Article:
Therefore, the command to ‘fear God as He should be feared’ belongs only to the pillars of al-Islam and is part of the innate disposition of humans that guides moral behavior. This is the reason why the verse ends by saying: ‘die not except in a state of Islam’. As for the pillars of Eman, we fear God according to our strength and ability (‘On no soul does God place a burden greater than it can bear’). It is important to note that the previous verse, 2:285, starts with the phrase ‘The messenger believes in what has been revealed to him from his Lord, as do the men of faith [al-mu’minun]’.

In Eman, the sick believer is exempted from fasting because he is not strong enough to do so; pilgrimage is subject to the ability of the pilgrim to do the journey; jihad is no obligation for those who are unable to practice it; no alms tax is required from those who cannot afford it; and consultation is subject to historical circumstances since no absolute model is given of how to conduct it. All religious obligations of Eman are not absolute but relative and subject to historical change, and since they are not part of the human innate disposition (al-fitra) they are practiced in accordance with an individual’s strength and ability.

The overarching capital of all pillars of al-Islam is → to witness that ‘there is no god but God’  → that is, the worship of Allah (performed by the Muslim-Assenters or al-muslimun); The overarching capital of all pillars of al-Eman is → to witness that ‘Muhammad is the messenger of God’ → i.e. the obligatory rituals (performed by the Muslim-Believers or al-mu’minun). Those who jump directly into the realm of Eman without having passed the stage of Islam are called ‘hypocrites’. The Book says: When the hypocrites come to you [Prophet], they say, ‘We bear witness that you are the Messenger of God.’ God knows that you truly are His Messenger and He bears witness that the hypocrites are liars. (Al-Munafiqun 63:1,) This verse teaches us that if someone performs the ritual prayer as part of Eman, but ignores the ethical commands as part of Islam, he is a ‘hypocrite’, even if he rigidly observes the prayer times, the duty of the fast, and the hajj rite. ‘Note that human beings are worshippers of God (al-ibbad), not His slaves (al-abid).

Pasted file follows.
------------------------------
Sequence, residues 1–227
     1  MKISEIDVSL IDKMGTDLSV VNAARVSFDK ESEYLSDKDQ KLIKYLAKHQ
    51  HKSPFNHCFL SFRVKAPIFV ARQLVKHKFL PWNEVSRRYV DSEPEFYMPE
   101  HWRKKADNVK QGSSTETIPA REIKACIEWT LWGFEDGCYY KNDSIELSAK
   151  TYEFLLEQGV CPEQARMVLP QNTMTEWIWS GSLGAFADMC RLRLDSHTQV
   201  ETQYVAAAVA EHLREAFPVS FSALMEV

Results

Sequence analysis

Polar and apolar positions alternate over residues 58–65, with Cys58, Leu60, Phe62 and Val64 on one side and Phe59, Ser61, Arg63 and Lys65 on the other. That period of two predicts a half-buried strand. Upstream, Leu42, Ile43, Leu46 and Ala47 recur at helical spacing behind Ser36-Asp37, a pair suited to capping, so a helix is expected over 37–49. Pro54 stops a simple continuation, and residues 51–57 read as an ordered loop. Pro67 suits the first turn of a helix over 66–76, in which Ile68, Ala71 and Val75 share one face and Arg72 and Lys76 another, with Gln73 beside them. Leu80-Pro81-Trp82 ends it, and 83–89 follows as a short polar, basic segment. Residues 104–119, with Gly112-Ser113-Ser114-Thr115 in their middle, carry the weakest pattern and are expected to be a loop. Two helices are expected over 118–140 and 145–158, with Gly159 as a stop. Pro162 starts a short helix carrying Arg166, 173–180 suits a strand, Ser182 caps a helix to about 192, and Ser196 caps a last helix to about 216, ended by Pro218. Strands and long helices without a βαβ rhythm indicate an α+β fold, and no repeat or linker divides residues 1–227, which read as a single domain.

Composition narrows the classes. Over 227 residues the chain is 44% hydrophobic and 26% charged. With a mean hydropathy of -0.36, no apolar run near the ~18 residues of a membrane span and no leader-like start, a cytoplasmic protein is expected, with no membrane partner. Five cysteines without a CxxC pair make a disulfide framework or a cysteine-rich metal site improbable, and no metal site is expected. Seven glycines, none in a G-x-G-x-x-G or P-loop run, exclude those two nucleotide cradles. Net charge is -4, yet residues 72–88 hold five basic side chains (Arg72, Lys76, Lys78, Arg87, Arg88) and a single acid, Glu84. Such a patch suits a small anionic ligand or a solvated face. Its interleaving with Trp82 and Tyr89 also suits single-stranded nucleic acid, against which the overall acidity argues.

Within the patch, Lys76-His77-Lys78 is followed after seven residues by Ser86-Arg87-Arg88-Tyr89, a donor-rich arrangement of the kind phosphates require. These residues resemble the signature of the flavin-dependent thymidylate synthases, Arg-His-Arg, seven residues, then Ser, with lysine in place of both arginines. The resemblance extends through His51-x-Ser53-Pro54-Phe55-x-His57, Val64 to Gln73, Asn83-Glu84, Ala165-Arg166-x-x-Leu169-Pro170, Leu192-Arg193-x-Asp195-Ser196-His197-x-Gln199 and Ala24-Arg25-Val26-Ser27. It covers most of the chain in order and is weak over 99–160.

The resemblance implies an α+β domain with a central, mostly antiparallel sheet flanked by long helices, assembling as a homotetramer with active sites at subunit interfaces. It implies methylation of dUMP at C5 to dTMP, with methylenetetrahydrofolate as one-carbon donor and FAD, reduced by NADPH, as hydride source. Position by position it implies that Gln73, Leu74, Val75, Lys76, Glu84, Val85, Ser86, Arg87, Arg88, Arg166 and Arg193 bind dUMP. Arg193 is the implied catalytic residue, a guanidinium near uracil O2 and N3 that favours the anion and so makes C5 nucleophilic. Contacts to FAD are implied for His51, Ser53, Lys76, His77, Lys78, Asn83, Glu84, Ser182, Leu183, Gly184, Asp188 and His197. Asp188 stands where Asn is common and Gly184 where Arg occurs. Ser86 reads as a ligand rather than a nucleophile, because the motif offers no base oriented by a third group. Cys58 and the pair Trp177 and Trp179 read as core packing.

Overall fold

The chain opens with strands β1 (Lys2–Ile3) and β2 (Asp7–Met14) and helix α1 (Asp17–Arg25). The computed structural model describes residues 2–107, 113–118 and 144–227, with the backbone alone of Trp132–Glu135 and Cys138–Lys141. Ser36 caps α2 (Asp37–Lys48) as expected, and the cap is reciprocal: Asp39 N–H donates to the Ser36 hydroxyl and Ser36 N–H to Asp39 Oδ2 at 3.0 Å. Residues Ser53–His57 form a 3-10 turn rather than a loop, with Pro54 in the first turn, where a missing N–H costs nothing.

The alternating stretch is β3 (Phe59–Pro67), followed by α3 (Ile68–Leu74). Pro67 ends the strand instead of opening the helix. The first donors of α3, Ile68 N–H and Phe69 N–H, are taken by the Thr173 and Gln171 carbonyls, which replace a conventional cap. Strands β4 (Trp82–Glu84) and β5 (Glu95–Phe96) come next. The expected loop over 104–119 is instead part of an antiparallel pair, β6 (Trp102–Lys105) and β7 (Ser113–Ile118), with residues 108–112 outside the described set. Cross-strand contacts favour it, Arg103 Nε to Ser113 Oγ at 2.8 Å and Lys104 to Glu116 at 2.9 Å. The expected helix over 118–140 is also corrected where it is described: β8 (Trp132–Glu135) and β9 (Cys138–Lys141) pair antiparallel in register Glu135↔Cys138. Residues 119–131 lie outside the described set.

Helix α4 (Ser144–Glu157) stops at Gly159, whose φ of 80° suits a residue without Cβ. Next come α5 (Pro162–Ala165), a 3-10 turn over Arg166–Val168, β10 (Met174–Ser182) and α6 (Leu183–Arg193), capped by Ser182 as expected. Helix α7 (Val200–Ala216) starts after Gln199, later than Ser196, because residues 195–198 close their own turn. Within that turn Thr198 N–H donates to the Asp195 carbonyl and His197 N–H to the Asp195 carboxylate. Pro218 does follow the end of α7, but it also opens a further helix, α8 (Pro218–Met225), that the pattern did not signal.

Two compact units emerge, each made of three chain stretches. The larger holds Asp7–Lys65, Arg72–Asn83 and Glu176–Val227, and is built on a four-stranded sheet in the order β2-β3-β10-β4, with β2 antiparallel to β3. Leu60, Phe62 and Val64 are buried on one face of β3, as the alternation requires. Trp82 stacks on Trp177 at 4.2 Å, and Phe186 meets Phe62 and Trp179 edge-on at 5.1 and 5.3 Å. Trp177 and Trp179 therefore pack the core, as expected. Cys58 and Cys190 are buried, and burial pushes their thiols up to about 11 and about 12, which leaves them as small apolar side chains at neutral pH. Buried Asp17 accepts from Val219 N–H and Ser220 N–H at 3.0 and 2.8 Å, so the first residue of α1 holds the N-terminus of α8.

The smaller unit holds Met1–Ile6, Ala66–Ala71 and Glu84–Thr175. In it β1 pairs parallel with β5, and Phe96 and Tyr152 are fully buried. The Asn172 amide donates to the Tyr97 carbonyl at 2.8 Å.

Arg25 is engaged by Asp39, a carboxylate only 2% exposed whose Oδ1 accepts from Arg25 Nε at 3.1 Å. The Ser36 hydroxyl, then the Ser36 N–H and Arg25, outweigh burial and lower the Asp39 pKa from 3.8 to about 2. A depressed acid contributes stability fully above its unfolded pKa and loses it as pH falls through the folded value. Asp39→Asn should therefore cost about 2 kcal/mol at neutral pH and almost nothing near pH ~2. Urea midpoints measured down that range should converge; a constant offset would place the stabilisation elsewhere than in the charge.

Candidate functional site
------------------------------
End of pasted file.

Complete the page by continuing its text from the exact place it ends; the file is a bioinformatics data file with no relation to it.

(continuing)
Worshippers of God enjoy freedom of choice, on a personal as well as political level, whereas slaves of God do not enjoy such freedom. Worshippers of God are capable of implementing justice in society, whereas slaves do not have such power. What Allah demands from every human being is worship (al-ibada), not slavery. So we are His worshippers (al-ibbad ) in this world (but we are free to choose between obedience and disobedience), while in the Afterlife we will become His slaves (al-abid ), since no choice will then be left to humans.

That is why we read in verse 56 of Surat al-Dhariyyat: ‘I have only created Jinns and men, that they may serve Me.’ This should be read as: ‘human beings are worshippers of Me who obey Me so that their will is fulfilled, and they disobey Me through the freedom of their choice.’ However, this verse does not refer to the rituals of Eman, i.e., fasting, alms tax, or pilgrimage, etc.’. The topic of freedom will be discussed again.

A Moral Understanding of al-Ihsan is next.